Children's Voice Mar/Apr 2008

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The Down to Earth Dad

The Balancing Act: Getting It Right for Children's Sake

By Patrick Mitchell

"I have never had a kid tell me, 'I spend too much time with my parents,'" says Arthur Schneider, University of Missouri Extension Human Development and Family Studies Specialist. Dads, he says, are torn between work and family--things they see as vitally important--and unless they can find a balance, they're in for a stressful existence. That stress can, of course, trickle down to children.

Schneider goes on to explain, "For men, work tends to interfere with family. If there's an opportunity to make more money by working overtime, men are usually eager to take advantage of that. Men are largely measured by society by how much of a breadwinner they are. So, men will sacrifice family time for work."

Many moms do the same thing, of course. Approximately 2 million stay-at-home dads in the United States have spouses who are the primary family breadwinner, thus allowing the men to stay home with the kids. More generally, moms know all about the stress of balancing work and family. They've been doing it just about forever and deserve more accolades for that balancing act than this space can provide. Is it possible, however, that we overlook or downplay the work-home stress tightrope dads walk, and in so doing overlook potential stressors on our children?

One Day at a Time

Ty Jackson, a Dorchester, Massachusetts, father of two--a preschooler and a 4-year-old who attend Head Start--says balancing work and family is indeed stressful. "Time is a challenge," he says, "but I do my best to just take one day at a time and not beat myself up over it.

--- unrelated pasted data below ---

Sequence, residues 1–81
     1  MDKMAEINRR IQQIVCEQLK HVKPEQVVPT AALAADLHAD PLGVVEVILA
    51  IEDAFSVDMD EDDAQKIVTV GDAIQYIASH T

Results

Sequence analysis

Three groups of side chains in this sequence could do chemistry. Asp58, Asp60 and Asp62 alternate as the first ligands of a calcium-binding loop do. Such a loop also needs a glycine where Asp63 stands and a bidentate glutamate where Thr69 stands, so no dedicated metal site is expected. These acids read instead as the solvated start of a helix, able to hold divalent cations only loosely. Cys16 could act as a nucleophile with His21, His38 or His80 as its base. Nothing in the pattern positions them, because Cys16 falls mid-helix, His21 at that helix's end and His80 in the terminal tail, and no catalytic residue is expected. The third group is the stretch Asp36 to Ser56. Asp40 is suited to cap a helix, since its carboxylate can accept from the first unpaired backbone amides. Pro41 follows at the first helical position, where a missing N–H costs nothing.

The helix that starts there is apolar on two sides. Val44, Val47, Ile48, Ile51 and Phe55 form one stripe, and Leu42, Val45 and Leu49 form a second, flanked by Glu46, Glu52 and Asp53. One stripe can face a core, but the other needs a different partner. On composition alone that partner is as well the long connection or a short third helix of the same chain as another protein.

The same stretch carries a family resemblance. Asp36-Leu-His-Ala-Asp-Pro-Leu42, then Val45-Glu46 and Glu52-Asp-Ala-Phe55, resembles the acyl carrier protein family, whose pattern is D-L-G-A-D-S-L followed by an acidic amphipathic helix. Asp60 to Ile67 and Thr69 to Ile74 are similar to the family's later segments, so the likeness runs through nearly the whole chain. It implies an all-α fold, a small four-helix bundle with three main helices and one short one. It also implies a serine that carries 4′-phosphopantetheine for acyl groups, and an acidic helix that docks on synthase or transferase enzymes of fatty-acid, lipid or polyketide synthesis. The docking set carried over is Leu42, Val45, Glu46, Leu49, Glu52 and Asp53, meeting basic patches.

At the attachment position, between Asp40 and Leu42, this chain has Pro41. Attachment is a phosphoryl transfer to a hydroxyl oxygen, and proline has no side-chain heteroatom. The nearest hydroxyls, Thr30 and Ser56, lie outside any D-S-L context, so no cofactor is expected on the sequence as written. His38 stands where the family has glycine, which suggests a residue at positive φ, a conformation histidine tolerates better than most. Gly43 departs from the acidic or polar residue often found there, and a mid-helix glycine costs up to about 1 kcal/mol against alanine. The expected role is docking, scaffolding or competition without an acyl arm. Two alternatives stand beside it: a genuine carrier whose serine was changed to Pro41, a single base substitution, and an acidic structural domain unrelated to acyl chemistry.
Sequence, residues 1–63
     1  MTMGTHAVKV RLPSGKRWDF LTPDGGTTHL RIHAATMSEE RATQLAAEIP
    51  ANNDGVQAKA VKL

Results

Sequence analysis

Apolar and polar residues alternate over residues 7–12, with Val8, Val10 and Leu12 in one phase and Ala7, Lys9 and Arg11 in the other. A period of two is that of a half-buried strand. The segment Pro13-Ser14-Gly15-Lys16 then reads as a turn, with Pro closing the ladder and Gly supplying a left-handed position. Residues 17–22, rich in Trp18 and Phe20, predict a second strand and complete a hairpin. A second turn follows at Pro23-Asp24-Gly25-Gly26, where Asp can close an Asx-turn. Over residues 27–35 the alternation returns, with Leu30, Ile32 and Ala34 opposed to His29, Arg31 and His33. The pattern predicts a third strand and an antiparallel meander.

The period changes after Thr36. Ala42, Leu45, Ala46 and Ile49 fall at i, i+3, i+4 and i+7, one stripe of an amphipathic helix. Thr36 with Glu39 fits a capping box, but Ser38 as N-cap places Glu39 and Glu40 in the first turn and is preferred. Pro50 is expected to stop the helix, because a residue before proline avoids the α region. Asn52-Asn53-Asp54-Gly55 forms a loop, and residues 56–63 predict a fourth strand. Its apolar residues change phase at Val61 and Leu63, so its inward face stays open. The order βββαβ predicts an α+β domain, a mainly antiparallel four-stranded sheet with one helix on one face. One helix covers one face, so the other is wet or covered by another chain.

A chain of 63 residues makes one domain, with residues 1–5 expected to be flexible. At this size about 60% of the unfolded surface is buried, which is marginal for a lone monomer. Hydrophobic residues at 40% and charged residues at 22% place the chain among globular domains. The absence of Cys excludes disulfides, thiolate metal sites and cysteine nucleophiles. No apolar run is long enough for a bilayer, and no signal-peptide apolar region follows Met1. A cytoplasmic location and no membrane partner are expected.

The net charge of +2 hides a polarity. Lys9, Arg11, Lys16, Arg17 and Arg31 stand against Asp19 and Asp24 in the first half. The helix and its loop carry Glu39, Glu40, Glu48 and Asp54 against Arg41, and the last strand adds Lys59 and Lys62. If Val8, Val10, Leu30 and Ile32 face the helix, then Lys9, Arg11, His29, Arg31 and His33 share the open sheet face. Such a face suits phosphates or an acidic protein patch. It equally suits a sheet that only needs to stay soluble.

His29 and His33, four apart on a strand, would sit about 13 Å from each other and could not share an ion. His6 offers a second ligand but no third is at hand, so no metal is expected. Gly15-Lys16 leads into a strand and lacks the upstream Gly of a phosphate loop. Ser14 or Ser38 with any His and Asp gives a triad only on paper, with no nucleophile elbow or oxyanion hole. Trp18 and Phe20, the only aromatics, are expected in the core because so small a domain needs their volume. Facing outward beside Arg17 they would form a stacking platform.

"It's really hard balancing work with family. Since I do construction, my work hours vary a lot. A lot of days, I come home completely exhausted and ready to sleep. And my daughter has all the energy in the world, so I do my best to gather up some of that same energy and devote it to her when I come in. I try not to disappoint my daughters too much."

Jackson adds that sometimes he works overtime to be a better breadwinner, and the stress of doing so--missing dinner with his family in particular--accumulates over time.

Strategies for the Future

Schneider sees the future global economy being driven by people working harder and longer to produce more: "I think there's going to be greater challenges [for dads] in the future. I think the [work] pressures are going to be more intense."

He shares two strategies he has used to help dads clarify and reduce their work-home stress, thereby reducing trickle-down stress on their children. I recommend child- and family-serving programs, educators, and practitioners who operate father involvement programs give these strategies a try.

Schneider says, "Part of stress is that you have competing demands on limited time. Work has value, children have value, and time with one's spouse has value. Dads need to ask themselves, 'How important is it to work overtime today?' and if I do it, is that going to be remembered in 10 years? Or if I spend that time with my kids instead, how will that impact my children?' I often ask fathers, 'If your child were to write a one-page article about you, what would they say?' Fathers really think about their answer to that question. They think, 'Yeah, what would my child say?'"

Schneider provides the following additional activity suggestion: "Dads should make two lists, side by side-- an 'I Should Do This' list and an 'I Do This' list. I ask the dads, 'Do your lists of what you feel you should be doing [for your children] match up with what you are actually doing?'"

These are important questions, the answers to which have ramifications for our children, and I believe we need to help dads answer them.

A regular contributor to Children's Voice, Patrick Mitchell publishes a monthly newsletter, The Down to Earth Dad, from Coeur d'Alene, Idaho, and facilitates the Dads Matter!™ Project for early childhood programs, schools, and child- and family-serving organizations. He conducts keynote addresses, workshops, and inservice and preservice trainings. To reserve Patrick Mitchell for speaking engagements, or to implement the Dads Matter!™ Project for your families and community partners, call him toll-free at 877/282-DADS, or e-mail him at Website:

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